ArtsAutosBooksBusinessEducationEntertainmentFamilyFashionFoodGamesGenderHealthHolidaysHomeHubPagesPersonal FinancePetsPoliticsReligionSportsTechnologyTravel
  • »
  • Holidays and Celebrations»
  • Jewish Holidays

What Is The Passover ?

Updated on June 10, 2015

Passover

Source

Festival Of Freedom

The Passover is a Jewish festival. It is the story of Exodus, in which , the Israelites were freed from slavery in Egypt.

The Passover begins on the 14th day of the month of Nisan in the Jewish calender. It is in spring in the Northern Hemisphere.

The Israelites were instructed to mark the doorposts of their homes with the blood of a spring lamb and, upon seeing this, the spirit of the Lord knew to pass over the first-borns in these homes

Unleavened Bread - Matzah

Source

Feast Of Unleavened Bread

The Jewish people were slaves in Egypt, long ago. God knew that the Jews longed to be free. God chose one of them, a man named Moses to help the people. God, appearing to Moses,told him that he was to lead his people to freedom. God then told Moses what needed to be done.

Moses ordered his people to do as God had said. Each family was to mark its doorway with the blood of a lamb. The people were ordered to stay in their houses. They were to gather their belongings together and be ready to leave Egypt.

It was during the night that, the Angel of Death visited every Egyptian home. In each home, the first-born child died. But the Jews were kept safe. As the Angel of Death passed over their houses, the blood was seen on their doors ways, and went by or passed over. This is how the Jewish feast called Passover got its name.

After this terrible night, the Egyptian king, or pharaoh, let the people go. Being afraid that the pharaoh might change his mind, the Jews left in a hurry. They did not have time to bake the daily bread. They wrapped up the dough and took it with them.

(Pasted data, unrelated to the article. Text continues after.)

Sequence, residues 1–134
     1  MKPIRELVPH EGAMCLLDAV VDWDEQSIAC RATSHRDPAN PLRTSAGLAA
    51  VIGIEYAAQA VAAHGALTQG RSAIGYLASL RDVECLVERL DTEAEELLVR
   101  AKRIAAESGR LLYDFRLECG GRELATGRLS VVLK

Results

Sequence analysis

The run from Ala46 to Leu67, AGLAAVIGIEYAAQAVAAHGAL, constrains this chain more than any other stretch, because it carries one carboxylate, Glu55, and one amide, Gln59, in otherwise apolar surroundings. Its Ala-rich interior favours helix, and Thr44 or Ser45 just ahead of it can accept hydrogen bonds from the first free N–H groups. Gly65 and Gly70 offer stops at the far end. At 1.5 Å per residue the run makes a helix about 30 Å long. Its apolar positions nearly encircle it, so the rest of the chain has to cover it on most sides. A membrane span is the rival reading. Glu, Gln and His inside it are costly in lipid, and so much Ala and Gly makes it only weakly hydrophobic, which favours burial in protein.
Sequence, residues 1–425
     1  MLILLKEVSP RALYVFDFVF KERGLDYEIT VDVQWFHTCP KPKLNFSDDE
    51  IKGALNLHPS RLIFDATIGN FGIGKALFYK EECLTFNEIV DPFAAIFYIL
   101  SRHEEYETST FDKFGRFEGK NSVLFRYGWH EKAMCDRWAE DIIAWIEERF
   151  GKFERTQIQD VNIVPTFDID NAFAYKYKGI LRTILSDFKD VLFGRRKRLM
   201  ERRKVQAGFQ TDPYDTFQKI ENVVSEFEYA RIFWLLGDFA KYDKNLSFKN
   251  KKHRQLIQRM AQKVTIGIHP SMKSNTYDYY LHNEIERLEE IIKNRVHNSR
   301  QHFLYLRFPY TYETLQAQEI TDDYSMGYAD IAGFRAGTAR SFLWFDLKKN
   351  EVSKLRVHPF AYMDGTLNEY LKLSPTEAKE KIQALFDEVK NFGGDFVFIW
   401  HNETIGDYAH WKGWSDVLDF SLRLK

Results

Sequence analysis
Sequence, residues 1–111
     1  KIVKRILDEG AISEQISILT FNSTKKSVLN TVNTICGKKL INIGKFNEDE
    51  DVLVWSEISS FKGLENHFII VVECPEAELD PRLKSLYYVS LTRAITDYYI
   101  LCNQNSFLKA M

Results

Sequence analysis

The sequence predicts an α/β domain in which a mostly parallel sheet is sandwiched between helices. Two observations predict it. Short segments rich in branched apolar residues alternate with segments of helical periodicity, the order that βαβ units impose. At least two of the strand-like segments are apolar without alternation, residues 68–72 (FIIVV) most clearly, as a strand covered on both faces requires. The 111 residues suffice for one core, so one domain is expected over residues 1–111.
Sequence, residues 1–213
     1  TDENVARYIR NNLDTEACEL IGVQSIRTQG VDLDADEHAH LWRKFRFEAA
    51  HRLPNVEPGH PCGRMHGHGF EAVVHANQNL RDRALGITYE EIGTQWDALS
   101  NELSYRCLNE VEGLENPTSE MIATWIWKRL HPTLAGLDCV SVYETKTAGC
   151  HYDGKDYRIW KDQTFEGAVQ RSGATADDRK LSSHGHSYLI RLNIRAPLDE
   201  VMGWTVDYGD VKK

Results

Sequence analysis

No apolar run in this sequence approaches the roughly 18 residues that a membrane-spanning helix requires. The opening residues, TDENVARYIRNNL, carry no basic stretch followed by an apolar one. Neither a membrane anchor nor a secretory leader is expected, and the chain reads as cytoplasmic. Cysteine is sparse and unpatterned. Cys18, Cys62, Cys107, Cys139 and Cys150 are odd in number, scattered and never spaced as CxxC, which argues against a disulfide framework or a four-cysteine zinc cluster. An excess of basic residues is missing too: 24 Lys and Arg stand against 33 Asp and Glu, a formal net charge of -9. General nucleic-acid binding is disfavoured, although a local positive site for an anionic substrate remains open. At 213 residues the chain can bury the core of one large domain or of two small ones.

When they stopped to eat, they baked the bread over fire. The dough had no leaven or yeast in it. The bread is like a cracker, and is called unleavened bread. The Passover is also known as the Feast of Unleavened Bread.


| Source

Seder

Passover begins with the Seder (Sayduhr), which is a religious service as well as a feast. The Jewish families pray and eat traditional foods. Among these foods is matzah, which is an unleavened bread. There is also an extra glass of wine called Elijah's cup. This wine is poured in honor of the prophet Elijah. After the Seer, everyone sings happy folksongs.

Jews have celebrated Passover for well over three thousand years. The freedom festival begins on the fifteenth day of the Hebrew month of Nisan, which is in March or April. It last for seven to eight days.

Preparing Fish For Passover

preparing fish for Passover
preparing fish for Passover | Source

The Passover

The Passover is a Jewish festival. It is the story of Exodus, in which , the Israelite s were freed from slavery in Egypt.

Comments

    0 of 8192 characters used
    Post Comment

    • faythef profile image
      Author

      Faythe F. 4 years ago from USA

      Hi torrilynn ..so happy you like the article ..thank you for the vote and the share..

    • torrilynn profile image

      torrilynn 4 years ago

      I've always heard of the Passover but I was never

      for certain sure on what it meant. Thanks for speaking about

      what it is and how it relates to the Jewish culture.

      thanks for the read.

      Voted up and shared

    • faythef profile image
      Author

      Faythe F. 4 years ago from USA

      Thank you for the votes and sharing....appreciate your visit and the nice fan mail ..kashmir56

    • kashmir56 profile image

      Thomas Silvia 4 years ago from Massachusetts

      Great well written article that explains Passover so well . Well done !

      Vote up and more !!! Sharing !

    • faythef profile image
      Author

      Faythe F. 4 years ago from USA

      Hi Sheri Faye..thanks for reading..it is interesting...

    • Sheri Faye profile image

      Sheri Dusseault 4 years ago from Chemainus. BC, Canada

      That was interesting. I never know what Pssover meant. A rather gruesome story though. Thanks.

    • faythef profile image
      Author

      Faythe F. 4 years ago from USA

      Thank You carol7777....I appreciate the feedback.....What a great heritage.

    • carol7777 profile image

      carol stanley 4 years ago from Arizona

      Good job on describing the Passover of my heritage. Well done and you got the essence....